When Soviet power was restored in Odessa, Shakhvorostov was appointed commissar of the Moldavanka district, and then served on the Odessa Soviet, on its executive committee. At the same time he became chairman of the Builders’ Union. In August 1919, he commanded a squad that defended Odessa from the Whites. Around August 20th he was sent by the leadership of the Red Army in the South for negotiations with Nestor Makhno, but he was arrested by Denikinists near Voznesensk. He was held in the Nikolaev Prison. In October 1919 he was able to escape, having bribed prison guards.

He returned to Odessa, where he took part in the anti-Denikinist underground. In February 1920, he led a squad that rebelled against the Denikinists, capturing and holding the Moldavanka district before the arrival of the Red Army. He then served on the Revkom of the Moldavanka District. In spring 1920 Alyosha Ulyanovsky, who Shakhvorostov had known from Kureika, led a squad that seized the Boulevard police station, and then substituted themselves for the police with Shakhvorostov acting as chief of police for the Odessa province! At the same time he was elected by the Builders’ Union to serve on the Odessa Soviet, as well as acting as secretary and treasurer of the Odessa Federation of Anarchists. At a non-party congress of workers in March 1920, he advanced the slogan “Trade Unions Without Communists”.
The Cheka retaliated by arresting him in May 1920 on flimsy and fabricated charges of “anarcho-banditry”. Due to lack of evidence and under considerable pressure from Odessa workers, above all the Builders’ Union, he was released a few months later and the following April was completely exonerated. Talking earlier to Alexander Berkman and Emma Goldman he was asked how he managed to keep at liberty. “Sheer luck," he said, "and the support of the workers," he added.”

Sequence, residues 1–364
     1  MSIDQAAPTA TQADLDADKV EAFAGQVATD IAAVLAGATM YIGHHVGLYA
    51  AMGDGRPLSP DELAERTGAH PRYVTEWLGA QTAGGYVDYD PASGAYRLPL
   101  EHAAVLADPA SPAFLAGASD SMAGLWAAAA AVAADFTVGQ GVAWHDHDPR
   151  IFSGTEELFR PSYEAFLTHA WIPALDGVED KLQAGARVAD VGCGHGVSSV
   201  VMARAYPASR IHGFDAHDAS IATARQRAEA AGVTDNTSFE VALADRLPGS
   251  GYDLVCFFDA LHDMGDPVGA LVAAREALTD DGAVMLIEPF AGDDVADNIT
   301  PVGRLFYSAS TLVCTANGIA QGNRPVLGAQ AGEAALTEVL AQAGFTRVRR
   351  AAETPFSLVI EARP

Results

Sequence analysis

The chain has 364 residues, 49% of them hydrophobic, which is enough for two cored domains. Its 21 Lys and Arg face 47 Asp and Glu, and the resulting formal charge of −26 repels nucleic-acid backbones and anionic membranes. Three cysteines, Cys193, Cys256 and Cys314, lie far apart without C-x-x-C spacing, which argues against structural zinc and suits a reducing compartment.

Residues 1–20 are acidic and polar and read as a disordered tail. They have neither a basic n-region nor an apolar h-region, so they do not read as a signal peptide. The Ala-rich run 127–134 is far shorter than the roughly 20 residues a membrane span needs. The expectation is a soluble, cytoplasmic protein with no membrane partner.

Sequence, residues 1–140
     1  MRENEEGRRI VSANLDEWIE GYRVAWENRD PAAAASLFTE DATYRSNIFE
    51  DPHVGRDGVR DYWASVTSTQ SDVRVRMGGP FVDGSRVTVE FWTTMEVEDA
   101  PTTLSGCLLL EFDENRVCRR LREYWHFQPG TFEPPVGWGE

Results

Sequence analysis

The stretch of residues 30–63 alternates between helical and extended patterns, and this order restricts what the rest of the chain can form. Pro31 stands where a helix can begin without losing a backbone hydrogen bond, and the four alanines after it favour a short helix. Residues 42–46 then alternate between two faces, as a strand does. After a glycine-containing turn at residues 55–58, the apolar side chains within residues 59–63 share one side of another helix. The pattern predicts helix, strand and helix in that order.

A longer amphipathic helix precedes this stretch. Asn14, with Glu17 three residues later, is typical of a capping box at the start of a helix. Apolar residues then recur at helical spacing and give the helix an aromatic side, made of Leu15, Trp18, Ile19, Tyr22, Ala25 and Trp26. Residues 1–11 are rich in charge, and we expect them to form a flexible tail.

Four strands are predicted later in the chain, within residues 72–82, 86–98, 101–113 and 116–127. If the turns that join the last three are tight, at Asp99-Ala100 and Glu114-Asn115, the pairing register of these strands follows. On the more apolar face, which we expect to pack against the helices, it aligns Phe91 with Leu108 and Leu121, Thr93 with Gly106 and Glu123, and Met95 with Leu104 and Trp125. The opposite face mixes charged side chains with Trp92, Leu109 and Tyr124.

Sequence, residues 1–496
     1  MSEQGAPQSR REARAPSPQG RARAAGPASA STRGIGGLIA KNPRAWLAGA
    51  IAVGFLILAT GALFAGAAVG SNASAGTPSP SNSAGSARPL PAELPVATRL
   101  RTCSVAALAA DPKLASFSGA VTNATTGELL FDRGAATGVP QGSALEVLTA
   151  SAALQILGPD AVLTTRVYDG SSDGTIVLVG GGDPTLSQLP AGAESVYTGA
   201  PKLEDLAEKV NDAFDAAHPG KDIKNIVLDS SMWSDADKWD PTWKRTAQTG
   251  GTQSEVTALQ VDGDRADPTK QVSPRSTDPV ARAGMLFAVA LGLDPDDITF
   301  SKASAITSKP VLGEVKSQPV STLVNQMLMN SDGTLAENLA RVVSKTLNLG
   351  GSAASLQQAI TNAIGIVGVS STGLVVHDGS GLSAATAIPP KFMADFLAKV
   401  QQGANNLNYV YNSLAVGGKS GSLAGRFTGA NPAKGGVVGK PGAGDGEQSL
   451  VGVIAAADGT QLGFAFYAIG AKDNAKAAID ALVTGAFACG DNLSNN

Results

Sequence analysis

In 1922 he was purged from the leadership of the Builders Union by the Bolsheviks and from then until 1925 he worked as a forest development commissar in Podolsk province.

Shakhvorostov and Grigori Borzenko set up an underground anarchist group with 18 members in 1923, see Borzenko and the Odessa Anarchist Underground here at libcom:

According to Chekist files Shakhvorostov was a leader of the Odessa Anarchist Association from 1921, which united the anarchist-communists the Union of Youth and others. He was among 70 anarchists arrested in May-June 1924 but subsequently released. Nadezhda Ulyanovskaya, the wife of Alyosha Ulyanovsky, recalls in her biographical memoir Family History, co-penned with her daughter Maya, that Shakhvorostov visited Moscow in 1924 and tried to get in contact with Stalin, in order to plead for the anarchists, but was turned away by his secretary.

Shakhvorostov, Borzenko and others continued their underground activities. Shakhvorostov was arrested again in 1933 but the charges were dropped and he was released in October.

The final arrest came on 22nd April 1937. He was charged with membership of the “anarchist Underground Organisation” on 27th December 1937 and sentenced to death, either being shot soon after or in early 1938.

(1) “The anarchist Alyosha Bulanov (1891-1970) is known to history by many names, but was born Izrail Khaykelevich Ulanovsky in Kishinev, Bessarabia. After fighting as an anarchist in the Russian civil war, he joined the Soviet intelligence services and held postings all over the world, including the USA (1931-1934). Although he survived Stalin’s purges initially, he and his family were arrested in 1948 and sentenced to long terms in the gulags.”

Nick Heath


Article on Ulyanovsky mentioning Shakhvorostov:

Accompanying photo shows Shakhvorostov , fourth from left back row, standing next to Stalin. Taken at Kureika